One of the great things that I appreciate about living in Rockland County is the abundance of state parks with their scenic beauty and hiking trails. I am especially attracted to Nyack State Beach Park where you literally walk between the Hudson River and Hook Mountain. It doesn’t get more beautiful .

Nyack Beach State Park is part of the Palisades Interstate Park system.

In the last quarter of the nineteenth century, quarrying, which started on the Jersey Palisades, spread upriver, threatening to deface Hook Mountain on the Tappan Zee and the entire riverfront. There was a bustle of new activity at some landings, such as Snedens, Tappan Slote (Piermont), Rockland Landing, and Waldberg (Snedekers), where ferries plied across the river or steamers docked en route to New York. In 1872, the erection of a stone crusher at Hook Mountain signaled the beginning of large-scale operations. By 1900, this and 31 smaller quarries between Piermont and Nyack were operating. Sentiment was growing to stop this defacement, as had been done on the Jersey Palisades.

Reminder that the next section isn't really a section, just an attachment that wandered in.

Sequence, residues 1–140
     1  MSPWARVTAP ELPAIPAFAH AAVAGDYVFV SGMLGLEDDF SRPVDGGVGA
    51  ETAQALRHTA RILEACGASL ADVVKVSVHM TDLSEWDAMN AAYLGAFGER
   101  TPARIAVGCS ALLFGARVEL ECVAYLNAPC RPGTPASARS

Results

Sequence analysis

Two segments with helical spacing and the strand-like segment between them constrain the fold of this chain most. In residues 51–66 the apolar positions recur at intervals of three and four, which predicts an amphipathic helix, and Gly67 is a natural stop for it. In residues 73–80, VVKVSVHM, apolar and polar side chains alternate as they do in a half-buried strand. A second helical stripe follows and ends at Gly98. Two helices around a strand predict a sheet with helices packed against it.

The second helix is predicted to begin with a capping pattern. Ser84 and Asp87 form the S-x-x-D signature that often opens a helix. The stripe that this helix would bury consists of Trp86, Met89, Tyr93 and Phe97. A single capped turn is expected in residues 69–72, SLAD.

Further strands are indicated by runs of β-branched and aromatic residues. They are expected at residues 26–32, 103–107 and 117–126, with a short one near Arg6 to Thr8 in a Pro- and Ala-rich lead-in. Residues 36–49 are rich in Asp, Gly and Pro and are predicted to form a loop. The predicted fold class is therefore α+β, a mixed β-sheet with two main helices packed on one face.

George W. Perkins, president of the Palisades Interstate Park Commission, played an instrumental role in influencing the philanthropists of his time as to the importance of preserving the Palisades. He believed the forested Highlands of the Hudson, famous for their scenery and as Revolutionary strongholds, would become a recreational resource for the people of the metropolitan district. The acquisition of Hook Mountain by the Commission was made possible by generous contributions by members of the Harriman, Perkins, and Rockefeller families, who have been adding to park holdings even up to the present time.

Over the years the park has always been a wonderful escape from the noise of contemporary life we all face living in a metropolitan environment. You can barbecue, hike, bicycle, read or just sit at the edge of the Hudson River and relax.